LET ME SAY right off the bat, I am a huge fan of the FX television show "Fargo." It seems a reasonable confession to make before I review a novel written by the show's producer/writer/showrunner. Noah Hawley is definitely riding a wave of success right now. The critical and commercial success of "Fargo" has brought him a fistful of industry awards. His show is a real water-cooler conversation starter. But books are different. Hype and advertising and celebrity can certainly get a reader to pick up a novel and read the first few pages. After that, it's all about the words and the characters, the heart and soul of the story. I had no doubt that Hawley could write, that he could create amazing characters, that he had an ear for dialogue and a unique point of view - but could he write a successful novel? The answer, as readers of his four earlier books probably know already, is a resounding yes. Hawley's fifth novel, "Before the Fall," begins on a foggy summer night, with a luxurious private jet awaiting passengers. Not unlike the disaster movies of the 1970s, the story is at first concerned with letting us know who the cast will be. First we are introduced to the pilot, co-pilot and flight attendant, but these introductions are short and to the point. They are not the characters who matter, these sentences imply. Of importance are the passengers. The first to board is the Bateman family. David Bateman, a high-profile, multi-millionaire media mogul, has chartered the jet and arrives with his wife, Maggie, a down-to-earth former preschool teacher, and their children, 9-year-old Rachel and 4-year-old JJ. They are traveling with a security guard named Gil, a man who watches their every move and is armed for their protection. Next to arrive are the Kiplings, Ben and Sarah. Ben is a Wall Street power player, ultrasuccessful. The last to board the jet is Scott Burroughs, a recovering alcoholic and failed artist in his mid-40s who is going to New York with a renewed sense of purpose and a new series of paintings to show. He has been invited onboard by Maggie, to whom he has recently shown his artwork. Eleven people on a plane that will be in the air for exactly 18 minutes before it crashes into the black Atlantic. Surprisingly, Hawley is not really interested in the details of the plane crash itself. He wants to know who and why. Who are these 11 people, really? Why did this jet go down without a single mayday call only 18 minutes after takeoff? To answer these questions, after the crash the novel splits into parallel narratives. In the foreground is the investigation of the crash itself, tracking the search for lost passengers and wreckage as N.T.S.B. agents piece the facts together. Interwoven throughout are chapters that slowly and carefully reveal the back stories of the people who were on the jet. Almost everyone harbors a dark secret or a potentially dangerous past. The novel suffers a bit under the weight of this structure in the beginning. Too many characters are introduced in too few pages, and there's too much repetition. But it doesn't take long for Hawley to hit his stride. Scott Burroughs survives the crash and fights to swim to the surface of the turbulent water, with flames all around him. He hears a small voice crying out for help - a child. Scott finds the boy amid the wreckage and takes hold of him. With the boy on his back, tiny arms clamped around his neck, Scott begins the long, arduous swim to shore. He and 4-year-old JJ Bateman are the only survivors. At first Scott is hailed as a hero. The story of his rescue of the boy and his herculean swim through shark-infested waters explodes onto the 24-hour news cycle. The miraculous rescue story is played and replayed across all networks, but Scott doesn't consider himself heroic, and he wants no part of celebrity. After a wrenching goodbye to the boy he saved, Scott goes into hiding. Struggling as he is with sobriety and the shame of a life poorly lived, the last thing he wants is to be famous. "Talking to people on the subway is one thing," Hawley writes, "but addressing the masses - that's something he can't handle. A statement becomes a pronouncement when delivered to the crowd." SCOTT LEARNS QUICKLY, however, that there is no hiding out from the media, not in this day and age, and not from a disaster of this m agnitude. It instantly becomes a huge story, especially since two of the men on board - David Bateman and Ben Kipling - were multimillionaires. Bateman was best known as the head of a TV network; now, one of his stars, the loudmouthed, archconservative news anchor Bill Cunningham, sees a chance to profit from the tragedy and goes on the offensive, spouting his opinion as "news," demanding answers. Careless with facts, Cunningham fans the flames of anger and strives to create a mob mentality. He begins using words like "terrorism" to describe the crash. He claims it can't be coincidence that two such powerful men were on board a jet that crashed. He blames it on foreign nationals, then the liberal media, and then he finds a better target: Scott Burroughs, the would-be hero. Cunningham broadcasts lies and half truths about Scott's character, casts aspersions, hints at an affair with Maggie Bateman. He taps phones and crosses legal and moral boundaries in pursuit of a truth about which he cares not at all. Bill Cunningham is a portrait of American news/entertainment media at its very worst. Yet as Cunningham pursues his obsession with assigning blame and as the back stories of the characters come to light, there are hints that something sinister may in fact have been behind the crash. Word gets out that Ben Kipling was soon to be indicted for laundering money from hostile nations. The press reminds viewers that the Bateman family had been targeted before: Their daughter, Rachel, was kidnapped years earlier. Scott Burroughs is painted as a philandering opportunist. The news story escalates out of control, becoming a media firestorm. Cunningham uses every trick in the book to vilify Scott and cast doubt on his intentions, which are the same now as they were even before he set foot on the doomed plane: simply to figure out how to survive. Noah Hawley really knows how to keep a reader turning the pages, but there's more to the novel than suspense. On one hand, "Before the Fall" is a complex, compulsively readable thrill ride of a novel. On the other, it is an exploration of the human condition, a meditation on the vagaries of human nature, the dark side of celebrity, the nature of art, the power of hope and the danger of an unchecked media. The combination is a potent, gritty thriller that exposes the high cost of news as entertainment and the randomness of fate. KRISTIN HANNAH is the author, most recently, of "The Nightingale."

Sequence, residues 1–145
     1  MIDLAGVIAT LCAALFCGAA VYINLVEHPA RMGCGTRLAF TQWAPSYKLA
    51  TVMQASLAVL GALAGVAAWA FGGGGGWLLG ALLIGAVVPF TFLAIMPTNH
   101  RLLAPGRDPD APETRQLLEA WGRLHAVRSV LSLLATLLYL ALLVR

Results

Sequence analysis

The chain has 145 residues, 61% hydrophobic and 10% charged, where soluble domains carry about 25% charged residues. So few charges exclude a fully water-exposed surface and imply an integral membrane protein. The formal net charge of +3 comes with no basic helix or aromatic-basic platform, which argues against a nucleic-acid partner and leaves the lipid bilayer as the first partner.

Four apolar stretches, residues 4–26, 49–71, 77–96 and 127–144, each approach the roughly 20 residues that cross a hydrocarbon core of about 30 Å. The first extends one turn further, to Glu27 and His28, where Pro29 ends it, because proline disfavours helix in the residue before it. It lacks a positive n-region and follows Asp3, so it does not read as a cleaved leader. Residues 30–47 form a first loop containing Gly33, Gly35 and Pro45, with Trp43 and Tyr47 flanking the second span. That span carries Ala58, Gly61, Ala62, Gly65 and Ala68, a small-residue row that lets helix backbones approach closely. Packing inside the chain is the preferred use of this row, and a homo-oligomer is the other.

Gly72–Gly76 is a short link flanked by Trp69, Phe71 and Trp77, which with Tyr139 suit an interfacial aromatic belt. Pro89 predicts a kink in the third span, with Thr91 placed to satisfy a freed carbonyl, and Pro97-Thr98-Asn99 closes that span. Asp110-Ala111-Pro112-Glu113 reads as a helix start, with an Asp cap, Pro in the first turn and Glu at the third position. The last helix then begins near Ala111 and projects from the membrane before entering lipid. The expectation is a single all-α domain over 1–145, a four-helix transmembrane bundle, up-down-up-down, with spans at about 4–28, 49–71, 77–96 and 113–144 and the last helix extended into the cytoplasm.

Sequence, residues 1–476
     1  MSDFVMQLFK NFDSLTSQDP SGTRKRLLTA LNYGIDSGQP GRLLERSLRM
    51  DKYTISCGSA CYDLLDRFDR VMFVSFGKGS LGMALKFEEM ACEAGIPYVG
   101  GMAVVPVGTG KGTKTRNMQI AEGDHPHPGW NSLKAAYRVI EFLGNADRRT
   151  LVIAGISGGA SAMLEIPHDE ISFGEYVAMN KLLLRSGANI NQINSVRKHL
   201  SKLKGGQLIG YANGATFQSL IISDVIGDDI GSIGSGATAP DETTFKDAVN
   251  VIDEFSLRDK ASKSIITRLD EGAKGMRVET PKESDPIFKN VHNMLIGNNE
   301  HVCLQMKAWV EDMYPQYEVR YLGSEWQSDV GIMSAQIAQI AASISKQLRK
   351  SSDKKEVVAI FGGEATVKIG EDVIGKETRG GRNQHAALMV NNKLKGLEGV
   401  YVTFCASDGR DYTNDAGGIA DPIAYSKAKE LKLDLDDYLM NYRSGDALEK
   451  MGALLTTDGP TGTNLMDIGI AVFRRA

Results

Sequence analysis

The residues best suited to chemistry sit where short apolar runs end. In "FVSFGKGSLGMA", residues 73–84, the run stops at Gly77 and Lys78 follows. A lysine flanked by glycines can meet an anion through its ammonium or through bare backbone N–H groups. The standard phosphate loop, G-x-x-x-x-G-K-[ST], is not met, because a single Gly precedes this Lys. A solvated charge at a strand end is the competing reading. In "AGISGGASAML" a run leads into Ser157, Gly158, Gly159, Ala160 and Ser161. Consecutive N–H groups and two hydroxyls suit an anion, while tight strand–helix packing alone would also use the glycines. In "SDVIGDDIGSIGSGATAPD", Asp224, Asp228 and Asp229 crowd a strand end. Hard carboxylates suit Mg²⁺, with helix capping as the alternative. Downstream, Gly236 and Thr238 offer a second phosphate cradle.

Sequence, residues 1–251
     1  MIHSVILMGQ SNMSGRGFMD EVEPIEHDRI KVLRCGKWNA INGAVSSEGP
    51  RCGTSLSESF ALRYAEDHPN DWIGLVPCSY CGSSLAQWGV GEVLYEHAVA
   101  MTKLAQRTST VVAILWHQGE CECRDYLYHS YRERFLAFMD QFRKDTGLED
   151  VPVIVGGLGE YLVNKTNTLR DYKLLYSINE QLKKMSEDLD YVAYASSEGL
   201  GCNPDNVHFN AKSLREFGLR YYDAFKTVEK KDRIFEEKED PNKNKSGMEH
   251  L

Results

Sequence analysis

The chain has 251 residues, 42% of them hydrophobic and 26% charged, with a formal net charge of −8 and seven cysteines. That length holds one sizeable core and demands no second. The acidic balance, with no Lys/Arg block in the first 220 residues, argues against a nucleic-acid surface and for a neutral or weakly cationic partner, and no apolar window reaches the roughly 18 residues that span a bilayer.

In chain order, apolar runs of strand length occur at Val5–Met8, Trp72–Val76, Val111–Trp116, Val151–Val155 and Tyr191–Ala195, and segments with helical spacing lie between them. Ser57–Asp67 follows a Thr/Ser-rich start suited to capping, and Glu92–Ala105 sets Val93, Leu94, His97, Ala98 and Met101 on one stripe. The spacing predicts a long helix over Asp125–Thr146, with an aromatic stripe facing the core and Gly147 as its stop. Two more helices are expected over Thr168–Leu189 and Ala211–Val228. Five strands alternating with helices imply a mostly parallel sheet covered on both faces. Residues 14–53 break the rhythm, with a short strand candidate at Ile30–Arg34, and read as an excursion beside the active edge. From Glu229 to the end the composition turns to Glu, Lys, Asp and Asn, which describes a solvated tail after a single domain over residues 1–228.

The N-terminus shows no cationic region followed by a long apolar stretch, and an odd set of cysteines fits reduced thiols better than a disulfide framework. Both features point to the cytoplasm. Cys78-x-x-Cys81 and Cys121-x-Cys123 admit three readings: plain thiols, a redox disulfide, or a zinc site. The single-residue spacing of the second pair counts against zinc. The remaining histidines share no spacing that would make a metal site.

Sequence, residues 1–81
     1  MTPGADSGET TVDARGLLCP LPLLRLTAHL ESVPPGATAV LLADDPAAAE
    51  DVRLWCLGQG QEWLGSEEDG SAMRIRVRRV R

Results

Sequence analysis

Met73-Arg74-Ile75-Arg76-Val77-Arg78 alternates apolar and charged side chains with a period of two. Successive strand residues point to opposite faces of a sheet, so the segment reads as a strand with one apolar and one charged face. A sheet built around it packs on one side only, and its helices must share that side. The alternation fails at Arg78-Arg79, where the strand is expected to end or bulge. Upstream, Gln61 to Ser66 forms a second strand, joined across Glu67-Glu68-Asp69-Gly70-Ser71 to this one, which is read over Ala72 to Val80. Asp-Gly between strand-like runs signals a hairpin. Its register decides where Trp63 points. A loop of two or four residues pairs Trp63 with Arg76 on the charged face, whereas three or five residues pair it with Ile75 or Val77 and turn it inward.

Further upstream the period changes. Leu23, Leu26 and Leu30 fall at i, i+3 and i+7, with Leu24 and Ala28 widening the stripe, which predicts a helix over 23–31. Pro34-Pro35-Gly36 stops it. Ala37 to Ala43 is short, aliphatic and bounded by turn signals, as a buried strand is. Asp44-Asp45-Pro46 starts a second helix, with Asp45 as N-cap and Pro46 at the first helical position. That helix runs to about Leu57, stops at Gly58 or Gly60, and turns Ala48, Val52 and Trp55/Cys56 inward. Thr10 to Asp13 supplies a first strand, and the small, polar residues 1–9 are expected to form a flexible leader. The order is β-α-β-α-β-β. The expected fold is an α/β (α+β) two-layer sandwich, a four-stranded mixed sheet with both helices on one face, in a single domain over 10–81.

Library Journal Review

A private jet carrying 11 people crashes off the Atlantic coast. There are only two survivors-struggling artist Scott Burroughs and the four-year-old he saves, the son of a powerful network executive. Chapters alternate between the present-day investigation of what happened and the backstories of all those who were on the ill-fated flight. The stories of the passengers, pilots, and flight attendant, plus the investigators and surviving relatives, provide acute character studies that complement the brisk storytelling. As Scott develops a bond with the boy, events begin to spiral out of control as accusations fly and the media spin their tales. Robert Petkoff's narration is engaging and effectively portrays a diverse set of characters. VERDICT A great summer listening experience that will be popular with fans of mystery and suspense fiction. ["Rich with a compelling narrative, suspenseful plot twists, and engaging characters, this fourth novel...by an Emmy Award-winning producer...promises to be the must-read thriller of the summer": LJ Xpress Review 4/15/16 starred review of the Grand Central hc.]-Phillip Oliver, formerly with Univ. of North Alabama, Florence © Copyright 2016. Library Journals LLC, a wholly owned subsidiary of Media Source, Inc. No redistribution permitted.